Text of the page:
SOWETO, SOUTH AFRICA - JANUARY 12,Djamel Mesbah of Algeria and Thulani Serero of South Africa during the International Friendly match between South Africa and Algeria from Orlando Stadium on January 12, 2013 in Soweto, South Africa Photo by Lefty Shivambu / Gallo Images

The man who last guided South Africa to an Africa Cup of Nations medal believes Bafana Bafana could do well in the tournament which they host a second time beginning this weekend, but only if the players show more determination.

Trott Moloto was Bafana’s head coach when they reached the continental championships’ semi-final at Ghana-Nigeria in 2000, where they won bronze, and while he admits home advantage could help SA this time, he’s far from convinced about what he says is lack of willpower from the current bunch.

“It has been clear in our last two (friendly) games (against Norway and Algeria) that we have a lot of work to do,” said Moloto, who is now head of technical at Mamelodi Sundowns. “We haven’t looked convincing at all, and that’s a fact. What we don’t see in the current crop of players is the determination to represent this country. These players look like they don’t have a heart to play for us.”

Under Moloto, Bafana finished third, beating Tunisia in a penalty shootout. Fast-forward to now and not too many are convinced the team now coached by Gordon Igesund would even make the knockout phase, such has been their sorry decline of the past decade. Igesund has been given a mandate of emulating Moloto – reaching the last four of the competition – or face the sack.

Bafana take on Cape Verde in this year’s tournament opener on Saturday (National Stadium, 6pm), and Moloto hopes the team would have solved their scoring woes by then.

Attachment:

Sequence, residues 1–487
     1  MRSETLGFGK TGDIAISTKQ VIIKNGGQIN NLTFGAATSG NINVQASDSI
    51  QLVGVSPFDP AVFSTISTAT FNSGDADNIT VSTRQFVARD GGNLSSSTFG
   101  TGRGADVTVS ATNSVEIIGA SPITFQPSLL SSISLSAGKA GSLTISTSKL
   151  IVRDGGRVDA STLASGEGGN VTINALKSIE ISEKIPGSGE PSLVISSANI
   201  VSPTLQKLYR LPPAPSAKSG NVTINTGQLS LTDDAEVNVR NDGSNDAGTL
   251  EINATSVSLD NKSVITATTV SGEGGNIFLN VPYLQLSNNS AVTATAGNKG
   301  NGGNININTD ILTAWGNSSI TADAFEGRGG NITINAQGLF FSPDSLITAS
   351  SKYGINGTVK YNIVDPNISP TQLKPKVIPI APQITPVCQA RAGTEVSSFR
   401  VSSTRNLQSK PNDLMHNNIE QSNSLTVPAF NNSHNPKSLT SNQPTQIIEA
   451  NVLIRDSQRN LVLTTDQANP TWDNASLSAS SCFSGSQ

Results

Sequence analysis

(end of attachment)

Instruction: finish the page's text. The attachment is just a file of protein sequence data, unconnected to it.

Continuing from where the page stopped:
“Goals will be critical for us to go further in this competition,” he said. “If we don’t score, we will struggle.”

Bafana failed to take any of their chances in their last two matches, losing to an under-strength Norway and then drawing 0-0 with Algeria. Moloto urged Igesund to alter his tactics for Saturday’s game to ensure Bafana beat Cape Verde.

“From what I’ve seen, our midfield is not creative enough. A different approach is needed there because you’ve got to open up defences to score. You can say we created a few chances against Norway, but two chances won’t win you any game.”

Had he been in charge now, Moloto says he would not have ignored Andile Jali as a midfield option. “Look at the combination at Orlando Pirates for the last three years (Jali and Oupa Manyisa), why not take that to the national team? But at the end of the day the coach makes his decisions and we have to support him.”

In spite of their unconvincing run into the tournament, Moloto expects Bafana to be boosted by home advantage. “There shouldn’t be an excuse (for failure) because we are playing at home. I coached Bafana outside the country (in 2000) and we did well. So imagine if millions of people are behind you. All those years ago, it was difficult playing away, but we were ready to die for the country. Everything was against us ... the food, logistics, poor training facilities, but we managed to pull through because the boys wanted to represent the country well. We have to count on home support this time to carry us through the first round, but whether that will be good enough to take us further is unclear.”

In the 2000 event, Moloto’s team topped their group with seven points, knocked out co-hosts Ghana in the quarterfinal before losing to Nigeria in the semi-final. - The Star